By the beginning of the second epoch, none of them, aside from myself, was any longer in Bielsk. But there were a number of others who deserve to be recorded in the history of the Bielsk workers movement. A few of them stood at the helm of the movement. These were:

Rufke, the younger brother of Kelman. He had a barber shop in his home;

Reishke, Leibl the teacher's son. He helped to found the organization. He was arrested together with Yehoshua the barber;

Hersh Leib the tailor. He was the son of Itshe the miner. He assisted in organizing his profession;

Moyshe Chaim the tailor. He was a son of Chatzkl the coachman. He had the same job as his close friend Hersh Leib;

The Vashinsky Brothers. Berka, Yoelke, and Duvid, sons of Yehuda Zavelis. The first two were carpenters. The third was a tailor. All were devoted to the movement.

Yudel Sanes. A son of Sana the men's tailor. He participated in organizing his profession and was a member of the central organization, which used his father's workshop for smaller gatherings;

Chaimke. A son of the Widewer saloonkeeper Yossl. He had a childlike face–so people called him “Chaimke.” Later he was promoted to assistant bookkeeper. He was distinguished for his daring. He was arrested for distributing proclamations to soldiers;

Itsche the mute. A son of Tanchum the furrier. An outstandingly observant Jew in Bielsk. This mute man did more for the movement than did many eloquent people. He did all sorts of things. He worked as a tobacco cutter. He worked at Eisenberg's tobacco factory. He was arrested for possessing illegal literature;

Shepsel. The son of Zalmen Shayes the tailor. He was a tailor himself. He was very intelligent, with a sharp mind. He participated in the lectures and political discussions;

[Page 382]

Shimon Pliomba. He got the name Pliomba because of his weight. He was as heavy as the lead from which metal seals [known as plambes, a word of Slavic origin] are made. He was the son of Feivel the rebel. By profession he was a steward. He played a large role in organizing his profession. He was one of those taken in a mass arrest;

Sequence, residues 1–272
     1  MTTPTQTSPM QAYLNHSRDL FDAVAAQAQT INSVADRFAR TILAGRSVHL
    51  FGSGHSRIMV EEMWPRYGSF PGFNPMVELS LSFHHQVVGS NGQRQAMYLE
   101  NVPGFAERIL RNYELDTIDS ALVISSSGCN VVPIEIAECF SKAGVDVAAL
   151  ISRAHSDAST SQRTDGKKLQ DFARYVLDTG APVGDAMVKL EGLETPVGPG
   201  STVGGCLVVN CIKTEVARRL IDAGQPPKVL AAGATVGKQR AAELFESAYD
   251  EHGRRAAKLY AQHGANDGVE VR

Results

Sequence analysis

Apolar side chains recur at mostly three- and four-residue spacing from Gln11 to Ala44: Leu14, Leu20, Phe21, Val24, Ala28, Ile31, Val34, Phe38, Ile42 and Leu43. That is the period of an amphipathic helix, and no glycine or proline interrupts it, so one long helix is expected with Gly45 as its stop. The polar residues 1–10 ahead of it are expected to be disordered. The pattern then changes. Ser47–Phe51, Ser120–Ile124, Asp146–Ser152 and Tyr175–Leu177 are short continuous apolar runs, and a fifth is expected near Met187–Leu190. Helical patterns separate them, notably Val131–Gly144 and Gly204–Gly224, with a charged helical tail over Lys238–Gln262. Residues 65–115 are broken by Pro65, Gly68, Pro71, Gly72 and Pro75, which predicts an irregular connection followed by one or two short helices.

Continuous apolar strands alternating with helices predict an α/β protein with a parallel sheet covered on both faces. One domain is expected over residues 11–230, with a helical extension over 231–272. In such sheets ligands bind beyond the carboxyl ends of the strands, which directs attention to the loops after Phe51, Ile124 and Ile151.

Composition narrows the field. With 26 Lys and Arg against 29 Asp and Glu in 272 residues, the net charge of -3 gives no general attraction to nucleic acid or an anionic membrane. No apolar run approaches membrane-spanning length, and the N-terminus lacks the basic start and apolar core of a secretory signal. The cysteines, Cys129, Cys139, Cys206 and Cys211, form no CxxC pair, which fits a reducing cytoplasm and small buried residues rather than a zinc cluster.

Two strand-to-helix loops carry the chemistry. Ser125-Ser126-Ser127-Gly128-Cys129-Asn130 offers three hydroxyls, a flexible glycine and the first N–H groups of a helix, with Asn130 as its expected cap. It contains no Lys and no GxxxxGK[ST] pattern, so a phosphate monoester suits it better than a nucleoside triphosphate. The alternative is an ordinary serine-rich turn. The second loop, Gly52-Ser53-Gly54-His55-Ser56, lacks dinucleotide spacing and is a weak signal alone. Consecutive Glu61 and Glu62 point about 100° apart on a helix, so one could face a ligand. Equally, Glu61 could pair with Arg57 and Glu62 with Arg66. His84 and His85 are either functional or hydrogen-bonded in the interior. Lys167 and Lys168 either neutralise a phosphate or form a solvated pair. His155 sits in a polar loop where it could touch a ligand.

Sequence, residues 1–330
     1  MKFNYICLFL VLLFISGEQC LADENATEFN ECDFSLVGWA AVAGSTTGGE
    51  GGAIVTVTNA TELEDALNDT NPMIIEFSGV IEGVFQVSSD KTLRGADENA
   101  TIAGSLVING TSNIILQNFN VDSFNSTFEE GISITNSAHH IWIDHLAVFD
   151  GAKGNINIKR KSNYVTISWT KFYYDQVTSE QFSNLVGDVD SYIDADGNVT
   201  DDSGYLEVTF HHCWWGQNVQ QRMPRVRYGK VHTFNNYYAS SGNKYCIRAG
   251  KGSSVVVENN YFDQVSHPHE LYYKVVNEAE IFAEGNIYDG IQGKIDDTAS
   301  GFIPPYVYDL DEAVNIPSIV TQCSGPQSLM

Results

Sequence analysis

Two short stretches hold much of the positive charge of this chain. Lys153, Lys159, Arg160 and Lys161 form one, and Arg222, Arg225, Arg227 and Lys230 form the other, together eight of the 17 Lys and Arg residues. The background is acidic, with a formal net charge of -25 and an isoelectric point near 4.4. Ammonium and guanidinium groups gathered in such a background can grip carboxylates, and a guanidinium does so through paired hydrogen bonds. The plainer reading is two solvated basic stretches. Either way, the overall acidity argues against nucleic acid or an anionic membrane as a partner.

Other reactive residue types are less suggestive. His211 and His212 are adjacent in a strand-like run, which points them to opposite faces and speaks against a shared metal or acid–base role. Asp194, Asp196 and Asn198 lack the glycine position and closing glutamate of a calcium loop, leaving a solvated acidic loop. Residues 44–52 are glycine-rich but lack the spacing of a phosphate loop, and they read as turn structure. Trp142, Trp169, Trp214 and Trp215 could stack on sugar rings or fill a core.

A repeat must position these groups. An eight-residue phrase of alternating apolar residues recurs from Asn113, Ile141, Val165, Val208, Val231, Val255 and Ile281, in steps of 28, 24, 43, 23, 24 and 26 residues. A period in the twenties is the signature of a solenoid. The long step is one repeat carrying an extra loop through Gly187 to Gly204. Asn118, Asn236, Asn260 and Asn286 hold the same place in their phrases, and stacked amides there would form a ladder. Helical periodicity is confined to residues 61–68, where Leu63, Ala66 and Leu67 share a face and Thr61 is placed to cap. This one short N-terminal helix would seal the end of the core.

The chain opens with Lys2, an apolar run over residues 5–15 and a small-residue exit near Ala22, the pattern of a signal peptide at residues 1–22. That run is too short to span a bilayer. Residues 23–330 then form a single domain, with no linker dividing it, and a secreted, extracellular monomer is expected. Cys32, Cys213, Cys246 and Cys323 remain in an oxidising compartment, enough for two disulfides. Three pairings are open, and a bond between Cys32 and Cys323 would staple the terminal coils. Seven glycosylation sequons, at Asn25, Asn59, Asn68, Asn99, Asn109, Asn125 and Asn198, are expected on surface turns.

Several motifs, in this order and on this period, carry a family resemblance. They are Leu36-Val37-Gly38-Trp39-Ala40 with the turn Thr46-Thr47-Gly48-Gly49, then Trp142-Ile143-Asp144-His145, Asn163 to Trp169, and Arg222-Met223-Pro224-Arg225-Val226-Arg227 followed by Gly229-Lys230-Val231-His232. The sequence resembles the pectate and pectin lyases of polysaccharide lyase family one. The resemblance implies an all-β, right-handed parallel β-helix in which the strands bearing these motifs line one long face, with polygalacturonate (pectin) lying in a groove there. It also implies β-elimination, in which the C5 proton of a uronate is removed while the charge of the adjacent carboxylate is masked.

Bendet. A son of Duvid the cabinetmaker. He was also a cabinetmaker. He greatly helped to organize the cabinetmakers in Bielsk. He was a member of the central organization and was one of those arrested in the mass arrest;

Yitzchakl. His name was Yitzchak, but he was very small and looked quite young, so people called him Yitzchakl. He was the son of Nachum the scribe. By profession he was a tinsmith. He was a member of the anarchist group. Yitzchakl paid with his life for an armed resistance in Bialystok when people came to arrest him.


Female Pioneers

Several women who played a role in the revolutionary movement in Bielsk deserve to be noted. They made connections between women in different professions and brought them into the organization. They are:

Rachtshe. The daughter of Fishke the tailor. By profession she was a milliner, a very intelligent young woman. She was a member of the central organization. She exercised a good influence over the working women and was active in the agitation.

Sarah Feiga. A daughter of Gershon the shoemaker. By profession she was a seamstress. She was a member of the central organization. She was very active in organizing her profession.

Yenta. A daughter of the Brisk housepainter. By profession she was a seamstress. She had her own workshop. The organization used her workshop for various purposes. She was a member of the central organization.

Sarahke. The daughter of Kalman Ber the baker, the wife of the writer of these lines. She worked with her father in the bakery, selling the baked goods; she was a member of the central organization and was beloved by the working women.

Goldke. A daughter of Nachum the teacher, a seamstress. She greatly helped to organize her profession. She was a member of the central committee.